I can vividly remember the very first time I walked through campus. It seemed so vast, thrumming with an energy of possibility, opportunity and hope. As a first-year, completely unaware of what to expect from the journey that lay ahead, I was filled with what can only be described as awe. The past year has been very different. That energy has been missing, hallways and classrooms empty, a sort of stillness replacing the buzz. As we return to campus for this academic year, I feel a similar sense of wonder to that of my first-year self – the excitement and hope for a year unlike the last. And yet, even in the midst of my joy, I find myself with underlying concerns and doubts. One of my professors asked us what troubled us most about the return to in-person learning: What will it be like to return to a lecture hall? How will I manage taking exams in person instead of online and open book? What will it be like to interact with peers in a classroom setting again? These are all worries that were voiced and that I’m sure are shared sentiments by others within the student body. All transitional periods come with challenges and this is no different, making it so important to find time for self-care and prioritizing your mental health.
The Multi-Faith Centre is putting on a number of Meditation and Mindfulness programs that run throughout the semester and are a great way to de-stress and find a moment for yourself within the whirlwind of the back-to-school season. I attended the first session of the Mindful Moments with Niamh Wall: Introduction to Mindfulness. The events are being held online, via Zoom, in keeping with the gradual move towards more in person events. They are thirty minutes long and take place from 12:30 to 1:00PM. I really enjoyed tuning into the session at this time because it’s a great way to change your energy after sitting for a long morning of class and provide rejuvenation for the rest of the day.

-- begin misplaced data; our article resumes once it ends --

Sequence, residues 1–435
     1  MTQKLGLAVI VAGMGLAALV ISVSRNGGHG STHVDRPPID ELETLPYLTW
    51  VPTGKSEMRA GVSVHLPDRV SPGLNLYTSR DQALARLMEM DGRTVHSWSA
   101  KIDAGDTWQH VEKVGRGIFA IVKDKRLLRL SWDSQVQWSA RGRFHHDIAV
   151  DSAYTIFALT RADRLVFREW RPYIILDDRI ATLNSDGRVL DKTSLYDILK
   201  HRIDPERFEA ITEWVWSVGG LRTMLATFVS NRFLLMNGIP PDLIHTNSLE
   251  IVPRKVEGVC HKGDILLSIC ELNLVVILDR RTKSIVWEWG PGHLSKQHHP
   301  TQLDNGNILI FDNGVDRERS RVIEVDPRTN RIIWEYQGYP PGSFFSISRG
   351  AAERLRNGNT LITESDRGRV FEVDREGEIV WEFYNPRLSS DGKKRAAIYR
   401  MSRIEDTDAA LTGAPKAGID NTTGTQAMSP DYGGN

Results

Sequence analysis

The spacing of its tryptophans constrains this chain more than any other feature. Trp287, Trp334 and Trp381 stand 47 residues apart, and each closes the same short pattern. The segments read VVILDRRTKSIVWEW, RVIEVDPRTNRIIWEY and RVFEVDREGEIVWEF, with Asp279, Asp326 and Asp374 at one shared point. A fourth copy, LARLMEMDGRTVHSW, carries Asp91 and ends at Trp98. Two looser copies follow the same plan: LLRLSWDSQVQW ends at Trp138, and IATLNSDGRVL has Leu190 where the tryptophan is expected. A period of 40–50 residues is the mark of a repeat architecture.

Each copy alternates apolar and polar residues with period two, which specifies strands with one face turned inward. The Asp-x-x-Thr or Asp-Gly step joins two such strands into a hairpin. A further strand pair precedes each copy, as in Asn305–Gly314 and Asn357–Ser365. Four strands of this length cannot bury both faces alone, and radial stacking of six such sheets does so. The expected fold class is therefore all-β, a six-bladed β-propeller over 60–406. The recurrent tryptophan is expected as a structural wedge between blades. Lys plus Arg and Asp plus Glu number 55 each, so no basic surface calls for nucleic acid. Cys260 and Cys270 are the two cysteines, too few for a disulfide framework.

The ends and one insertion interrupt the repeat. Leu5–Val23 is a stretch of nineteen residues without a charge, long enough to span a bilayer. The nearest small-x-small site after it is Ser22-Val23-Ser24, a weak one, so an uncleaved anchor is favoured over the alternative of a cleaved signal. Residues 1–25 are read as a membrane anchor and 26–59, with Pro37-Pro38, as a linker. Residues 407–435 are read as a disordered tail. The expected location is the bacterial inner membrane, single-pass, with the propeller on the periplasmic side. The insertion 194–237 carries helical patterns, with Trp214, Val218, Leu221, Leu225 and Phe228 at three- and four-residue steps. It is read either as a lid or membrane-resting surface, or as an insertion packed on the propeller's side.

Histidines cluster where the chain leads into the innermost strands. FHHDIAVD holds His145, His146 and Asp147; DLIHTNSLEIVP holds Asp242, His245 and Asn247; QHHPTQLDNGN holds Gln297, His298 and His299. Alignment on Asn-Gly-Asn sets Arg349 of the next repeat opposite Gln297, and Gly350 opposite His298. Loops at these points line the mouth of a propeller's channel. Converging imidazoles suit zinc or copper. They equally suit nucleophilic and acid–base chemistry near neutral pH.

The session began with a background on mindfulness and mindful practices by highlighting its roots in Hinduism and Buddhism and its intention of helping you bring yourself back to the present moment away from external and even internal stressors. We were lead through two breath-based meditations, both about 7 minutes in length which I found really effective as this was one of the first times that I’ve practiced meditation and it didn’t feel overwhelming. Both practices began with deep breaths and a body scan from head to toes to center yourself. The combination of body scans and deep breathing were aimed at highlighting the connection between the sensations of the breath and the way they resonate throughout the body creating a deeper internal awareness. I found this to be very revealing as it showed me just how much tension I hold in my jaw as I engaged in the practice. We were reminded throughout the session to keep our focus on our breath and feel the way our body engaged with the space around us, for example where it connects with the chair you’re sitting on, whenever our minds started to stray. Only at the very end, were we invited to welcome those thoughts and sit with them to have a better understanding of what is lingering in our subconscious. At first it was a struggle to maintain this breath-based focus but eventually I felt myself starting to relax as I surrendered any stressful thoughts that arose, releasing them with my breath.
I found this session to be extremely effective and enjoyable. It’s so easy to get caught up in the busy-ness of back-to-school and this class was a great way for me to slow down, connect with myself and my body. I’ll definitely be checking out the other Mindfulness and Meditation programs that the Multi-Faith Center is putting on this semester to make sure that while enjoying being back on campus, surrounded by peers and professors with the energy of new beginnings in the air, I’m equally making time to take care of me.
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